Chard has a slightly bitter taste and is used in a variety of cultures around the world, including Arab cuisine.
Fresh young chard can be used raw in salads. Mature chard leaves and stalks are typically cooked (like in pizzoccheri) or sauteed; their bitterness fades with cooking, leaving a refined flavor which is more delicate than that of cooked spinach.

 

 

Swiss chard is high in vitamins A, K and C, with a 175 g serving containing 214%, 716%, and 53%, respectively, of the recommended daily value. It is also rich in minerals, dietary fiber and protein.
All parts of the chard plant contain oxalic acid.

 

Fall Harvest: Arugula

September 21, 2013 at 9:00 AM | Posted in vegetables | 1 Comment
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Arugula_crop

Arugula is a cool weather peppery green harvested at different times in different places (winter in warm climates, summer in cool ones) but grows in many places during autumn. Look for dark greens leaves of a uniform color. Avoid yellowing leaves, damages leaves, wilted leaves, or excessively moist-looking leaves. A bit of dirt is fine – it is likely the result of recent rain or watering (splashing dirt up onto the leaves).

 

 
Health benefits
* With very few calories and tons of flavor it is a great green to help maintain a healthy weight without sacrificing great tasting foods!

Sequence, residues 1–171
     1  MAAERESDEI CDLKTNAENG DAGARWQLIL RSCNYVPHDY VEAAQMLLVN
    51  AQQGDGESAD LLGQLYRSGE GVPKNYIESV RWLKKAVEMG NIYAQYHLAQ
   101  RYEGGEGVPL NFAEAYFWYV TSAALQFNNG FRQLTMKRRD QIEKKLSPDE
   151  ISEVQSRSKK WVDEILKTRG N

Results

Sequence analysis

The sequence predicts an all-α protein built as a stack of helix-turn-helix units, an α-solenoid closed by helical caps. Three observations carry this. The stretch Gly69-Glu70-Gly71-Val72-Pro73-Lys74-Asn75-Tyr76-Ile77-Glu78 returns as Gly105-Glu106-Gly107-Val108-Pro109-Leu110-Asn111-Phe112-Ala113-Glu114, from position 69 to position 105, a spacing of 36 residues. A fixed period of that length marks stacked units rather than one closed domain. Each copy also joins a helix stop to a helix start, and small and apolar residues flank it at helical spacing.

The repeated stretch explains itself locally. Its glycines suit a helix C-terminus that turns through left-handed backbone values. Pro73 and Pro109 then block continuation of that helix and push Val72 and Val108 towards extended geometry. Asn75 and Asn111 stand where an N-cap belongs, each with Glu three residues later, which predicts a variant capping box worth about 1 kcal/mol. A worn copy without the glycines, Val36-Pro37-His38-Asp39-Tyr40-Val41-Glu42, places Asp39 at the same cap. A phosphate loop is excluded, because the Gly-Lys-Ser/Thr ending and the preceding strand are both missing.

* Arugula is a rich source of certain phytochemicals that have been shown to combat cancer-causing elements in the body. Arugula is also a great source of folic acid and Vitamins A, C and K. As one of the best vegetable sources of Vitamin K, arugula provides a boost for bone and brain health.
* Arugula has an array of minerals and high levels of Iron and Copper, making it a good substitute for spinach if you’re paying attention to getting more vegetable based iron in your diet.
* Its peppery flavor provides a natural cooling effect on the body – a good food for hot weather picnics!
* Like other leafy greens, arugula is also a hydrating food, helping keep your body hydrated in the heat of summer.

Kitchen Hint of the Day!

September 15, 2013 at 9:37 AM | Posted in Kitchen Hints | Leave a comment
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If you’ve overcooked a vegetable with a leafy top, such as beet greens or carrots, remove the green top before you store it in the fridge. The leafy tops will leach moisture from the root or bulb and shorten the vegetable’s shelf life.